On March 15, Gavin Newsom formally launched his re-election campaign website
with a mass e-mail, inviting San Franciscans to “be a part of this great conversation.” But with all the talk that the Mayor is unbeatable because he is so popular and has “expanded” his political base, Newsom’s campaign website does not reflect the diversity of support that one would expect him to have. While a popular incumbent with no declared challenger could afford to run a positive campaign message of unity, Newsom’s website is replete with divisive attacks on the Board of Supervisors – with a strange focus on Municipal Wi-Fi. Meanwhile, the website links to alternative media sources like Beyond Chron with a derisive but back-handed compliment – “mean but interesting” – showing once again that the Mayor's Office is deeply sensitive to any criticism.
For the past four years, Newsom has been blessed with high approval ratings that would be the envy of any Mayor. While he’s lately been under fire for a variety of reasons, conventional wisdom says that Newsom sealed his re-election by gaining the loyal support of two constituencies with proven vote-getting ability – gays and labor. While he hasn’t done much lately
for the LGBT community, many more will vote for Newsom this time around because of his bold stand in February 2004 for marriage equality. Newsom’s visible support for the striking hotel workers has also earned him solid support in the labor movement, making it difficult for any progressive to run a grassroots campaign against him this year.
So it’s curious that there is no mention on the campaign website about workers’ rights. And besides a short blurb about how more Californians support same-sex marriage, the website says nothing about other issues that are important to the LGBT community.
The campaign website includes a series of blogs from his various supporters – as a means of demonstrating the breadth of support that Mayor Newsom has. But none of the bloggers are from the labor movement. And while some of the bloggers might be gay, none of them are active in LGBT issues or write about issues that are central to that community.
A closer look at who the individual bloggers are shows how narrow of a base Newsom has assembled for his re-election campaign. Marsha Garland, who does “blogging from North Beach,” is the President of the North Beach Chamber of Commerce and advocates the repeal of district elections. Two of the bloggers who cover environmental issues are “green business” owners – as opposed to transit activists.
Mike Sullivan, who blogs on housing issues, is the Chair of Plan C – an organization that has advocated Ellis Act evictions and TIC conversions as a means of “creating homeownership” for those who can afford to buy real estate. And while Newsom is running to represent the City of San Francisco, one of his bloggers is a self-proclaimed “white chick from the suburbs.”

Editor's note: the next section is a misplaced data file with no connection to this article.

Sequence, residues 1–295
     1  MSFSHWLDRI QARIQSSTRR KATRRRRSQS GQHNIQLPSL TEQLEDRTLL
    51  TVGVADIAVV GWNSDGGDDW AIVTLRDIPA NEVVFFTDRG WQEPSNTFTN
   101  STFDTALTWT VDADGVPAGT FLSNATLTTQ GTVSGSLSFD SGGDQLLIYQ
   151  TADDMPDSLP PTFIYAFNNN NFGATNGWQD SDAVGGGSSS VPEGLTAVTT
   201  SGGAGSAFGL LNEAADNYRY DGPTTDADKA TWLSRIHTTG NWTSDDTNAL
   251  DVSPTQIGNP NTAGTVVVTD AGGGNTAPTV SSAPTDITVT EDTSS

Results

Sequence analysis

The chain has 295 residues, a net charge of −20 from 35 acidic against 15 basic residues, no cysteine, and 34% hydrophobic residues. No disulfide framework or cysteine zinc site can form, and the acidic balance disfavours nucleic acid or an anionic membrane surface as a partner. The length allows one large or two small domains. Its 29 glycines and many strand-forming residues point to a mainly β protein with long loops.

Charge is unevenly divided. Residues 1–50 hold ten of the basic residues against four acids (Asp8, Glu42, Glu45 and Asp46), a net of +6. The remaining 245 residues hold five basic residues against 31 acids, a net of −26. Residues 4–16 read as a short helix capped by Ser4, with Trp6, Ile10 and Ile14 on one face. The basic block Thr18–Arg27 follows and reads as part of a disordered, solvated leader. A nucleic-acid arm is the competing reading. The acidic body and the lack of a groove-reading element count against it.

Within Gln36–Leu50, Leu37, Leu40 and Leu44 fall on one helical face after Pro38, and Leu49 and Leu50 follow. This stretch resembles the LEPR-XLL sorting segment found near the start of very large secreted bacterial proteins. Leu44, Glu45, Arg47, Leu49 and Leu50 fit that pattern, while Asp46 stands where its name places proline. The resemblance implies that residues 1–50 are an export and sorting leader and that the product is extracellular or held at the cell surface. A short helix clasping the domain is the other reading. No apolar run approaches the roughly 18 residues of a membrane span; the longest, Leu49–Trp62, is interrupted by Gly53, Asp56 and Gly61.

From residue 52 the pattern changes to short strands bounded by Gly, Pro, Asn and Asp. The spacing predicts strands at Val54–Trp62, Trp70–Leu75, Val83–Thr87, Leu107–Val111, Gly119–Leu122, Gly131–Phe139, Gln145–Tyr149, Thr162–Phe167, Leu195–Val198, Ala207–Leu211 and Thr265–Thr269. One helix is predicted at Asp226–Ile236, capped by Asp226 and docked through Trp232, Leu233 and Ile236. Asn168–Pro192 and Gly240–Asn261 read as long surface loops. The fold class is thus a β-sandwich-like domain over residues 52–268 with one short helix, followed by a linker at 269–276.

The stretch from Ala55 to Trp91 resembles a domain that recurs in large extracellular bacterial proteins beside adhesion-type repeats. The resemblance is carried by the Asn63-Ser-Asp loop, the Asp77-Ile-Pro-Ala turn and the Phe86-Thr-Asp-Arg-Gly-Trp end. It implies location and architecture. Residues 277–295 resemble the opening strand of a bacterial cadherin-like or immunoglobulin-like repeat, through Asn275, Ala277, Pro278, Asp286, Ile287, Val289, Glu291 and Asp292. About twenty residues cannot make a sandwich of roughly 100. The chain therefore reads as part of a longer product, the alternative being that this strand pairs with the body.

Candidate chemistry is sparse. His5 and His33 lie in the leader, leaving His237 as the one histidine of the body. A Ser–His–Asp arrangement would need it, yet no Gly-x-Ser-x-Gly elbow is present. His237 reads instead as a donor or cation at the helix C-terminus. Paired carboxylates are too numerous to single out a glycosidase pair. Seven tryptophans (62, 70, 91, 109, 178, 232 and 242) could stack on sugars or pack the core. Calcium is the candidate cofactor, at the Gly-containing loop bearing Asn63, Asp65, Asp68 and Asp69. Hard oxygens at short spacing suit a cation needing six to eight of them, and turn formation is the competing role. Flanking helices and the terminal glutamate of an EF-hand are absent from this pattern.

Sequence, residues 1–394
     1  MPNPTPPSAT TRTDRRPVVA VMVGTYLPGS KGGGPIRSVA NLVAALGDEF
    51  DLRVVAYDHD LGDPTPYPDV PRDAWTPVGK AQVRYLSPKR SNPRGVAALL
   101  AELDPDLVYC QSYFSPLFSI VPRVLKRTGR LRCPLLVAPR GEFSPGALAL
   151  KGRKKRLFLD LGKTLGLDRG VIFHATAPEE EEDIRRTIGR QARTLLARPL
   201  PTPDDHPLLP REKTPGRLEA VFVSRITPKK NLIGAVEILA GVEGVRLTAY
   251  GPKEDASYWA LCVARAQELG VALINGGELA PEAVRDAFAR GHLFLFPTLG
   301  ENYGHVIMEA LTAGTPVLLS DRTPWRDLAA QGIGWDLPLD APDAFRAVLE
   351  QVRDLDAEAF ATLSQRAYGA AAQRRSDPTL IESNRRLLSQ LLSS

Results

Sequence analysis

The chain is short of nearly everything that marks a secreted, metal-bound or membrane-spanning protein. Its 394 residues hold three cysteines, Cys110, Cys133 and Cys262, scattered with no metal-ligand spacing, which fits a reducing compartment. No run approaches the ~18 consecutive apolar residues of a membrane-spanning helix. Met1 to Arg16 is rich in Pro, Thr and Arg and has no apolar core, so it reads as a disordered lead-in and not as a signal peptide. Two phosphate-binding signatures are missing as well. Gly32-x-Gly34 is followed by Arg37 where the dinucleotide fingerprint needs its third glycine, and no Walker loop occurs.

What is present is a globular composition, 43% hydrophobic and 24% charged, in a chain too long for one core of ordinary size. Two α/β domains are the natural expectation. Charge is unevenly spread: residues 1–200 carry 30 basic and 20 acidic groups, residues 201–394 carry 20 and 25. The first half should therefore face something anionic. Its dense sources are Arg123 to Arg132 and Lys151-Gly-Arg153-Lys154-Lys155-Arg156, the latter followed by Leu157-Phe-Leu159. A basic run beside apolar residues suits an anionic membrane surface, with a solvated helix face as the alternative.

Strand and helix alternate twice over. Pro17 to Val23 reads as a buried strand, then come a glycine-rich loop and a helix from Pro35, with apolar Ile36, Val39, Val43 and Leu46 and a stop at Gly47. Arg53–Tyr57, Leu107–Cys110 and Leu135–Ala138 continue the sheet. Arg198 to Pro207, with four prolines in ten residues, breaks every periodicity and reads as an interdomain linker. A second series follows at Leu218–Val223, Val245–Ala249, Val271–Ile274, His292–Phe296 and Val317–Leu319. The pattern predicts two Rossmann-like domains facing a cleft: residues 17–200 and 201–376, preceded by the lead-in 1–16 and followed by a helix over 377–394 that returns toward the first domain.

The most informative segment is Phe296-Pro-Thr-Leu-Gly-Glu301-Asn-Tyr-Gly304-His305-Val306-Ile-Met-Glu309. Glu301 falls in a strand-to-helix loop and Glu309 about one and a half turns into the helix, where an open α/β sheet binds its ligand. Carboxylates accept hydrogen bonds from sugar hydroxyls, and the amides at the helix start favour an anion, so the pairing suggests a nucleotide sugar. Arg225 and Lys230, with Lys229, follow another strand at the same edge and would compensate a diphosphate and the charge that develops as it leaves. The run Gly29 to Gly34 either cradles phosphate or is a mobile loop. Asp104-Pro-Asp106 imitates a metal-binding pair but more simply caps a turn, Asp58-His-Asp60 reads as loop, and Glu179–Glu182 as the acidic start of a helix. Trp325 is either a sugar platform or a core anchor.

The website is called “Act Locally,” and implores San Francisco residents to get more involved in civic affairs. But the main focus right now seems to be on pressuring the Board of Supervisors to approve the Mayor’s Wi-Fi proposal. Five of the main articles on the front page (including the top three) are about this proposal, and the website even re-publishes a Chronicle Editorial calling the Supervisors the “Board of Obstructionists” for blocking the Google-Earthlink deal.
Wi-Fi is an important policy issue, but it’s baffling to see why it would take precedence over the city’s homicide crisis, the cost of housing, the universal health care plan, problems with the Police Department, or Muni’s chronic delays. In a recent meeting with residential hotel tenants – precisely the type of people who Newsom says would be helped by addressing the “digital divide” – organizers at the Tenderloin Housing Clinic asked them if they wanted to get involved with that issue. None of the tenants were interested, proving that they have more pressing concerns on their mind.
Mayor Newsom continues to be popular, and at this point still does not have a serious challenger in the upcoming election. So it’s curious why he would focus his campaign website on an issue like Wi-Fi where he is at odds with the Board of Supervisors – when there are so many other issues that poll well and Newsom can focus on being a “uniter, not a divider.” But by choosing to take a confrontational approach
, he may end up inviting a candidate to take him on this November.
Personally, Beyond Chron found it amusing and flattering that we were linked from the campaign website (along with the Bay Guardian) under the headline “Mean But Interesting,” while SFist was linked under the headline “Mean But Funny.” Some have said that it shows the Newsom camp has a sense of humor, but I have a different take.
The Mayor is so defensive to any type of criticism that he has to resort to the childish tactic of calling those who criticize him “mean.” We’ve already seen a Mayor who avoids unscripted moments
, and who won’t be bothered by even attending a monthly Board of Supervisors meeting.
So why is Beyond Chron “mean”? Could it be that we called him the biggest loser
in last November’s local election results, even though that was the conventional wisdom? Could it be because we’ve repeatedly called him to attend Question Time at the Board of Supervisors, because it was what the voters wanted? Or maybe it’s because I caught him lying
in public about how often he meets with Supervisor Aaron Peskin.
Back when SFist made fun of Newsom, Peter Ragone, the Mayor’s then-press secretary, posted a comment on the blog that said: “lighten up and just stop hating on Newsom at all times.” That’s consistent with the rationale that any media source who dares to criticize the Mayor is “mean.” And, oh yes, Ragone now works for the Mayor’s re-election campaign.
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